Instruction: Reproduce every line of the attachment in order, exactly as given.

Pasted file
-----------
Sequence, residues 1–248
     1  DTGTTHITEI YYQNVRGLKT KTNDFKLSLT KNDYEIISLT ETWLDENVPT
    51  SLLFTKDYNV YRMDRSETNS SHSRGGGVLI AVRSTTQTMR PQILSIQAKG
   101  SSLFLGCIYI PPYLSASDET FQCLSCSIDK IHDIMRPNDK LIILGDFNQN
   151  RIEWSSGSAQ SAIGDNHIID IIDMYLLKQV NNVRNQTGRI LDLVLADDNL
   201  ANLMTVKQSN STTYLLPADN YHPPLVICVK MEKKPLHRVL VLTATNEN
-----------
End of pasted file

Sequence, residues 1–248
     1  DTGTTHITEI YYQNVRGLKT KTNDFKLSLT KNDYEIISLT ETWLDENVPT
    51  SLLFTKDYNV YRMDRSETNS SHSRGGGVLI AVRSTTQTMR PQILSIQAKG
   101  SSLFLGCIYI PPYLSASDET FQCLSCSIDK IHDIMRPNDK LIILGDFNQN
   151  RIEWSSGSAQ SAIGDNHIID IIDMYLLKQV NNVRNQTGRI LDLVLADDNL
   201  ANLMTVKQSN STTYLLPADN YHPPLVICVK MEKKPLHRVL VLTATNEN